Discrete Morse theory

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Discrete Morse theory is a combinatorial adaptation of Morse theory developed by Robin Forman. The theory has various practical applications in diverse fields of applied mathematics and computer science, such as configuration spaces,[1] homology computation,[2][3] denoising,[4] mesh compression,[5] and topological data analysis [6].

Notation regarding CW complexes

Let be a CW complex. Define the incidence function in the following way: given two cells and in , let be the degree of the attaching map from the boundary of to . The boundary operator on is defined by

It is a defining property of boundary operators that . In more axiomatic definitions[7] one can find the requirement that

which is a corollary of the above definition of the boundary operator and the requirement that .

Discrete Morse functions

A real-valued function is a discrete Morse function if it satisfies the following two properties:

  1. For any cell , the number of cells in the boundary of which satisfy is at most one.
  2. For any cell , the number of cells containing in their boundary which satisfy is at most one.

It can be shown[8] that the cardinalities in the two conditions cannot both be one simultaneously for a fixed cell , provided that is a regular CW complex. In this case, each cell can be paired with at most one exceptional cell : either a boundary cell with larger value, or a co-boundary cell with smaller value. The cells which have no pairs, i.e., whose function values are strictly higher than their boundary cells and strictly lower than their co-boundary cells are called critical cells. Thus, a discrete Morse function partitions the CW complex into three distinct cell collections: , where:

  1. denotes the critical cells which are unpaired,
  2. denotes cells which are paired with boundary cells, and
  3. denotes cells which are paired with co-boundary cells.

By construction, there is a bijection of sets between -dimensional cells in and the -dimensional cells in , which can be denoted by for each natural number . It is an additional technical requirement that for each , the degree of the attaching map from the boundary of to its paired cell is a unit in the underlying ring of . For instance, over the integers , the only allowed values are . This technical requirement is guaranteed, for instance, when one assumes that is a regular CW complex over .

The fundamental result of discrete Morse theory establishes that the CW complex is isomorphic on the level of homology to a new complex consisting of only the critical cells. The paired cells in and describe gradient paths between adjacent critical cells which can be used to obtain the boundary operator on . Some details of this construction are provided in the next section.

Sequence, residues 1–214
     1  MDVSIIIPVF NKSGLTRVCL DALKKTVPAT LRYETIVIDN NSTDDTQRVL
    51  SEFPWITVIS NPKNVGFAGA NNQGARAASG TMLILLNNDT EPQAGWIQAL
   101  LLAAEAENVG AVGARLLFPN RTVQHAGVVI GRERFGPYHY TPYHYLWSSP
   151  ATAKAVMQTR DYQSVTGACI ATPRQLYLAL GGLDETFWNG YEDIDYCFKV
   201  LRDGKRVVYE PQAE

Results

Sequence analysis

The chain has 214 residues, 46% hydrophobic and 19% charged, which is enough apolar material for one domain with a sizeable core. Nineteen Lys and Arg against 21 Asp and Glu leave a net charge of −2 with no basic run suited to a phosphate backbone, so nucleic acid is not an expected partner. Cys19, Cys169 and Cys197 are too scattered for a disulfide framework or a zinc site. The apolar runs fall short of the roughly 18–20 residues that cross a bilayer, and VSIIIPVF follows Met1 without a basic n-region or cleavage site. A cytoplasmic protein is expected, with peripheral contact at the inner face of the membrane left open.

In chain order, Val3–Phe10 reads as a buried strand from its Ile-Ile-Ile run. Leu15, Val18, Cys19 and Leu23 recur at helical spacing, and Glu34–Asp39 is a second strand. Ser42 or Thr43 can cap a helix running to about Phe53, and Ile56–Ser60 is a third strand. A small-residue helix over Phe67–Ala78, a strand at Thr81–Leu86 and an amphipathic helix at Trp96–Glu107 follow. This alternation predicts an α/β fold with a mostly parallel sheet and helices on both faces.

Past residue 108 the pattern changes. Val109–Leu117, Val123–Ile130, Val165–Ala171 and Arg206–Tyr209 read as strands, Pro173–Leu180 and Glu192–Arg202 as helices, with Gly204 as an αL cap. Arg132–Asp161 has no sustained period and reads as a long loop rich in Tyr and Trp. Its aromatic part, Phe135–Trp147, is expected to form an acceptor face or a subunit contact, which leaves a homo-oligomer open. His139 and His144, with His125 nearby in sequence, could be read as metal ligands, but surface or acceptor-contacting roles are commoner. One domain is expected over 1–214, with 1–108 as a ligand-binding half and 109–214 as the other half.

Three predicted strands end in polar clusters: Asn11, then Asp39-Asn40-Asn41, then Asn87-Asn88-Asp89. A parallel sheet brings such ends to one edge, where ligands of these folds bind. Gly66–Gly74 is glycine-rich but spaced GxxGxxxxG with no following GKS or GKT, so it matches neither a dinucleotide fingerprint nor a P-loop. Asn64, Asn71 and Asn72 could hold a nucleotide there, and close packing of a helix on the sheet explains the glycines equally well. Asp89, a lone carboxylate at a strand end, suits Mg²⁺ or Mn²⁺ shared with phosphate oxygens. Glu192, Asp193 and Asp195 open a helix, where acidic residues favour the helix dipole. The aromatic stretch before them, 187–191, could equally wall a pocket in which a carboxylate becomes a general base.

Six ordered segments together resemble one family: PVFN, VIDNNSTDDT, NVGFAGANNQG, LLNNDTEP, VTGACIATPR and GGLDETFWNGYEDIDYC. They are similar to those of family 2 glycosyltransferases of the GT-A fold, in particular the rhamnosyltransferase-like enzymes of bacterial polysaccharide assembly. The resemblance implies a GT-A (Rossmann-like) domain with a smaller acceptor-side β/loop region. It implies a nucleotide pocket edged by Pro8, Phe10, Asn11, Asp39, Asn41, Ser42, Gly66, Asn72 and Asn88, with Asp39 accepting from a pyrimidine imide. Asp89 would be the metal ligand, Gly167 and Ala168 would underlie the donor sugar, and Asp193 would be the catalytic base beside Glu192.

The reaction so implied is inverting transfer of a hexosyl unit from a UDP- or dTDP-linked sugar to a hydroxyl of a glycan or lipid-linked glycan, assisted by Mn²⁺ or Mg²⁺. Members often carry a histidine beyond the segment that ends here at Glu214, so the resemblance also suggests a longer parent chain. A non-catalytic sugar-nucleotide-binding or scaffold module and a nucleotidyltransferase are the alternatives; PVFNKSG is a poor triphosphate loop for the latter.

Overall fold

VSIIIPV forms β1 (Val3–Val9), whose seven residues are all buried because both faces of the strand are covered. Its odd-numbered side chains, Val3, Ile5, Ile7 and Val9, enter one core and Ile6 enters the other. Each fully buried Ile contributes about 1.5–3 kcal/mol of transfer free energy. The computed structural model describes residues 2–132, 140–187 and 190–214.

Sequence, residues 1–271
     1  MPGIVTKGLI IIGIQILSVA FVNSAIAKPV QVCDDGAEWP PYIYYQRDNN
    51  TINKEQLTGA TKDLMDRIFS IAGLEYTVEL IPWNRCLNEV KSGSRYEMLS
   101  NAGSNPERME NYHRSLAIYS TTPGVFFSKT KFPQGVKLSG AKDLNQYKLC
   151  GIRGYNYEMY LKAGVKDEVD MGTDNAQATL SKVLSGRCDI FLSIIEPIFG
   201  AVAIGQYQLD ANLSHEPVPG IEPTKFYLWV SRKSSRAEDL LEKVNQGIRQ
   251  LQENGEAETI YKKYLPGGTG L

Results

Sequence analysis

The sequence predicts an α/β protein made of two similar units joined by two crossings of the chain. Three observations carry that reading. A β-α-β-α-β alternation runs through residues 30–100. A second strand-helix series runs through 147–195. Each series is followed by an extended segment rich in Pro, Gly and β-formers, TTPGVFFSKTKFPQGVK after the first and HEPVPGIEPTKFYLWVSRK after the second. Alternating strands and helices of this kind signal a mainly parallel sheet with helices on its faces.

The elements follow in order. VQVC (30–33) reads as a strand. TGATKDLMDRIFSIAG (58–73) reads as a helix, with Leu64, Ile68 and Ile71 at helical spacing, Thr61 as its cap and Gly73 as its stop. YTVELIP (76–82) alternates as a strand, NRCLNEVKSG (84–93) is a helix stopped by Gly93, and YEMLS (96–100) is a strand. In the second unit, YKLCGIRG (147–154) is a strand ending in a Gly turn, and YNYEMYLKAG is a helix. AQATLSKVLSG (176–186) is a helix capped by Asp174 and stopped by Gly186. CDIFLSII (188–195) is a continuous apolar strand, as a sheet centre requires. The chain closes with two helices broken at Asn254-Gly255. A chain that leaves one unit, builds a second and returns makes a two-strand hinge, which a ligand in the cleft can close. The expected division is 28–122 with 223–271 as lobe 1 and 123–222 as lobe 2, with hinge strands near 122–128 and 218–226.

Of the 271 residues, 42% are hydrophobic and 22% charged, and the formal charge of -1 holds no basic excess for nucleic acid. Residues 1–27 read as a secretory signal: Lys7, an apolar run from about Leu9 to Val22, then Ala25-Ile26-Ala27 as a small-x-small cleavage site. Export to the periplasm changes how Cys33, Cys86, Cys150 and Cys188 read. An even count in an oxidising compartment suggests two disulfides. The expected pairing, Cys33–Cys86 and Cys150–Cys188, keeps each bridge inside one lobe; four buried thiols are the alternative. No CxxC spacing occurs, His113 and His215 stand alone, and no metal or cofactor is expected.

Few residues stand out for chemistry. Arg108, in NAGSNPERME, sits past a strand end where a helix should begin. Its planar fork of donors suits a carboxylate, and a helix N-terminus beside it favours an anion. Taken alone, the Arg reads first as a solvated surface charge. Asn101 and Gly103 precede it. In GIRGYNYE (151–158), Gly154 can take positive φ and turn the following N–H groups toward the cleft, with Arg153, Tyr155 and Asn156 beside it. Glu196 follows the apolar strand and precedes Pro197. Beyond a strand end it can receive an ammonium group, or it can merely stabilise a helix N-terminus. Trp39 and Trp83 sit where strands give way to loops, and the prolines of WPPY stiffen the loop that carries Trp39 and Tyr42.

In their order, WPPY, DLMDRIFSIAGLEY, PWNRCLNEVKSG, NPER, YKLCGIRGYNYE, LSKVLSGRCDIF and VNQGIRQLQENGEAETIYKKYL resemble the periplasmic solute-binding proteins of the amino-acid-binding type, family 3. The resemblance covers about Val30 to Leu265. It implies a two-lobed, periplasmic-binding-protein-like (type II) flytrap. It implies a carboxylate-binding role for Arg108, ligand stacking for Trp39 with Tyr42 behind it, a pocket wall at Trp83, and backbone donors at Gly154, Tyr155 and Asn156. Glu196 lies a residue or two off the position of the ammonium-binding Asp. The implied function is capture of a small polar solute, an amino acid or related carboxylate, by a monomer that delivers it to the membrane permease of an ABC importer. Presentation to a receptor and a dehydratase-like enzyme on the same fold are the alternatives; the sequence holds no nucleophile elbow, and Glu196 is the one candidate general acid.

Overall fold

The Morse complex

A gradient path is a sequence of paired cells

satisfying and . The index of this gradient path is defined to be the integer

.

The division here makes sense because the incidence between paired cells must be . Note that by construction, the values of the discrete Morse function must decrease across . The path is said to connect two critical cells if . This relationship may be expressed as . The multiplicity of this connection is defined to be the integer . Finally, the Morse boundary operator on the critical cells is defined by

where the sum is taken over all gradient path connections from to .

Basic Results

Many of the familiar results from continuous Morse theory apply in the discrete setting.

The Morse Inequalities

Let be a Morse complex associated to the CW complex . The number of -cells in is called the Morse number. Let denote the Betti number of . Then, for any , the following inequalities[9] hold

, and

Moreover, the Euler characteristic of satisfies

Discrete Morse Homology and Homotopy Type

Let be a regular CW complex with boundary operator and a discrete Morse function . Let be the associated Morse complex with Morse boundary operator . Then, there is an isomorphism[10] of Homology groups as well as homotopy groups.

See also

References

  1. ^ F. Mori and M. Salvetti: (Discrete) Morse theory for Configuration spaces Archived April 26, 2012, at the Wayback Machine.
  2. ^ Perseus: the Persistent Homology software.
  3. ^ Mischaikow, Konstantin; Nanda, Vidit. "Morse Theory for Filtrations and Efficient computation of Persistent Homology". Springer. Retrieved 3 August 2013. 
  4. ^ U. Bauer, C. Lange, and M. Wardetzky: Optimal Topological Simplification of Discrete Functions on Surfaces
  5. ^ T Lewiner, H Lopez and G Tavares: Applications of Forman's discrete Morse theory to topological visualization and mesh compression
  6. ^ "the Topology ToolKit". 
  7. ^ Mischaikow, Konstantin; Nanda, Vidit. "Morse Theory for Filtrations and Efficient computation of Persistent Homology". Springer. Retrieved 3 August 2013. 
  8. ^ Forman, Robin: Morse Theory for Cell Complexes Archived April 24, 2012, at the Wayback Machine., Lemma 2.5
  9. ^ Forman, Robin: Morse Theory for Cell Complexes Archived April 24, 2012, at the Wayback Machine., Corollaries 3.5 and 3.6
  10. ^ Forman, Robin: Morse Theory for Cell Complexes Archived April 24, 2012, at the Wayback Machine., Theorem 7.3
  • Robin Forman (2002) A User's Guide to Discrete Morse Theory, Séminare Lotharinen de Combinatore 48
  • Dmitry Kozlov (2007). Combinatorial Algebraic Topology. Springer. ISBN 978-3540719618. 
  • Jakob Jonsson (2007). Simplicial Complexes of Graphs. Springer. ISBN 978-3540758587. 
  • Peter Orlik, Volkmar Welker (2007). Algebraic Combinatorics: Lectures at a Summer School In Nordfjordeid. Springer. ISBN 978-3540683759. 
  • nLab Article [1]
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